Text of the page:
The UK #Government has announced that the Department for Work and Pensions (DWP) will no longer cover the payment of BBC licence fees for people aged over 75, depriving the BBC of over £600m per year in revenue. The DWP funding will phase out in 2018-19, with the BBC taking full responsibility from 2020 onward. MP John Whittingdale said that the move "delivers our objective to reduce the deficit, whilst at the same time giving the BBC some of the guarantees they need about their future, financing and the system by which the licence fee is raised.".
The DWP spent £608m on the payments in 2013 covering 77,000 homes. With the UK population getting older and living longer, it's likely the number of households exempt from payments will continue to grow, representing an ever increasing loss of revenue for the BBC.
The £608m loss represents over 25% of the BBC's yearly TV budget, and nearly covers the cost of their radio services, which cost £650m per year. Belts will have to be tightened at the broadcaster, but the bad news didn't stop there, as Whittingdale also added that the government would "carefully consider" the "future scale and scope of the BBC," as well as the possibility of decriminalising non-payment of the licence fee.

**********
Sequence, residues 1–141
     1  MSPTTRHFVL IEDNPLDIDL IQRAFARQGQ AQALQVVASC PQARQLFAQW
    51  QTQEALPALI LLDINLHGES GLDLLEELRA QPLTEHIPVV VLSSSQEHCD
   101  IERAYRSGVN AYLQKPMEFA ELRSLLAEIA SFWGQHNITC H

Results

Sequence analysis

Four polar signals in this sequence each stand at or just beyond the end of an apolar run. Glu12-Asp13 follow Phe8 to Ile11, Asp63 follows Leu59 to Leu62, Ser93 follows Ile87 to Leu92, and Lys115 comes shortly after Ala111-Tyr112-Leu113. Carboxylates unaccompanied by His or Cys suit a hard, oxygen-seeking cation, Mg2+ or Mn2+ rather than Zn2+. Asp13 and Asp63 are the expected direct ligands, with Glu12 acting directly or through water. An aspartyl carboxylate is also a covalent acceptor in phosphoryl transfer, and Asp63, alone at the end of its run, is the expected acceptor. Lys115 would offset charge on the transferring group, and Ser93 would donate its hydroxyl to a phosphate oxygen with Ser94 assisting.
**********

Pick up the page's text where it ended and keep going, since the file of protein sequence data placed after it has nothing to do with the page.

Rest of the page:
BBC director general Tony Hall remained upbeat, maintaining that he had "fought hard to get a strong deal for the BBC" and its users. He argued that "modernising" the licence fee represented a win, as they will be able to start charging users who use their catch-up services such as BBC iPlayer in twelve months time.
He also said that ensuring the licence fee was linked to inflation for the first time in seven years was a good deal for BBC.
Any financial gain from these revenue streams will probably have to offset the money lost from the over 75s, as well as a possibility of an increase in non-payment of the fee if decriminalised which could further deplete the BBC's coffers.
BBC News correspondent Nick Higham pointed out that Hall "would not rule out possible cuts to services," following reports in March 2014 that youth channel BBC3 will be axed later this year. At the time Hall was quoted saying the decision had been made for "financial and strategic reasons."